SSL Session Cache vs Client Certificate Request
I think I know the answer already but I'm in denial 😞
We have an f5 Big-IP VE appliance sending SOAP requests to a web service hosted in an IBM WebSphere Application Server instance. The connection is via TLS v1.2 with mutual athentication enabled, f5 appliance requests WAS server certifictae once per SSL Session and WAS server has client authentication set to "Required". There are 3 options in the WAS server console for client authentication "None", "Supported" and "Required".
When we run some tests and pump a load of SOAP requests through the pipeline we see that the SSL Server profile in use between f5 Big-IP and WAS has 2,200 SSL Session Cache Lookups, 2,200 SSL Session Cache Hits and 2,200 Invalidations. The WAS sever CPU is running aroun 27% utilisation during the test run.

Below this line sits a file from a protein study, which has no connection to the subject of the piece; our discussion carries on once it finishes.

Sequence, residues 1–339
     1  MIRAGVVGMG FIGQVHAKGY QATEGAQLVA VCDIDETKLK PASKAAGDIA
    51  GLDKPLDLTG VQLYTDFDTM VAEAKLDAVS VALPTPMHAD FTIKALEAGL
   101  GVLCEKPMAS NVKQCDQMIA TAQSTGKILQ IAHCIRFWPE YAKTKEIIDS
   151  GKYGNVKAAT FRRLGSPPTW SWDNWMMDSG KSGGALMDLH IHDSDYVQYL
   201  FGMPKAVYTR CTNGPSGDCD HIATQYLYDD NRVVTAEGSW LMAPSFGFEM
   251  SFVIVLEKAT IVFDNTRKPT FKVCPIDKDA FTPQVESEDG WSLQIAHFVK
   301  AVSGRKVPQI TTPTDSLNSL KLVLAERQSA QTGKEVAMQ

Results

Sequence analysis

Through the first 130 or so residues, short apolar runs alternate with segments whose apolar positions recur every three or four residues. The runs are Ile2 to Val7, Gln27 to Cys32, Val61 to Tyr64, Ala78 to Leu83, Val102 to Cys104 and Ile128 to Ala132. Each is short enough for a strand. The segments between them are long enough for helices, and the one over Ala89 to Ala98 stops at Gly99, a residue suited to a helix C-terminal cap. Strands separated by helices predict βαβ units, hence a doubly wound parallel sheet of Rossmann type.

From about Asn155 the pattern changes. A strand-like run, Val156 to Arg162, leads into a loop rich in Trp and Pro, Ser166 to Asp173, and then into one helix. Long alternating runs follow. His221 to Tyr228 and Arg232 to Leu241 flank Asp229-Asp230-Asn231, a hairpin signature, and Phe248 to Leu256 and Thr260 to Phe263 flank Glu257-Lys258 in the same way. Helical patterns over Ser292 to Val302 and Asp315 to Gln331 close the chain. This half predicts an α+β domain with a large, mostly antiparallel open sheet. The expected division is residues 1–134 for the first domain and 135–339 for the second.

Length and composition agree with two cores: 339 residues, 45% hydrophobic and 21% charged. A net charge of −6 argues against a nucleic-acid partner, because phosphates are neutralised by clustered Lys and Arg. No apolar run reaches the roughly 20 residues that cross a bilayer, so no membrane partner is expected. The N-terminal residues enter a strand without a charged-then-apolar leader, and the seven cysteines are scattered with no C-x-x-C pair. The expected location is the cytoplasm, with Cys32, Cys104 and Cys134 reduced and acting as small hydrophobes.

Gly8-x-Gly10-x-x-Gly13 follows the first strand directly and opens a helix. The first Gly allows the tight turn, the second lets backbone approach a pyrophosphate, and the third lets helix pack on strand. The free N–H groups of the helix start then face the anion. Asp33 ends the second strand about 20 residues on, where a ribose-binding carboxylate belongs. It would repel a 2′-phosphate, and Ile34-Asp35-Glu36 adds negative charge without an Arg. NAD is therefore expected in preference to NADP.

If we change the WAS server client authentication to "None" we see the SSL Server profile in use between f5 Big-IP and WAS has 2,200 SSL Session Cache Lookups, 2,200 SSL Session Cache Hits and 0 Invalidations.
I tried a similar setup in my lab with f5 Big-IP talking to Stunnel and could see that with client authentication disabled or enabled in Stunnel I see the same results in the SSL Profile statistics on f5 Big-IP appliance and there is no ipact to CPU utilisation on Stunnel server. I tpcdumped the test and could see that Stunnel does not ask for a client certificate for authentication purposes when reusing an SSL Session.
From my observations I have deduced that WAS must still request a client certificate when reusing an SSL Session and that client certificate request triggers the f5 Big-IP into invalidating the SSL Session reuse and so forcing a full handshake between both ends again rather than use the existing cached SSL Session.
There doesn't appear to be any way of forcing IBM WAS to not request client certificates when reusing SSl Session, is there any secret way to force f5 Big-IP from resuing an SSL Session even when it is asked for a client certificate with each and every request?
Thanks in Advance,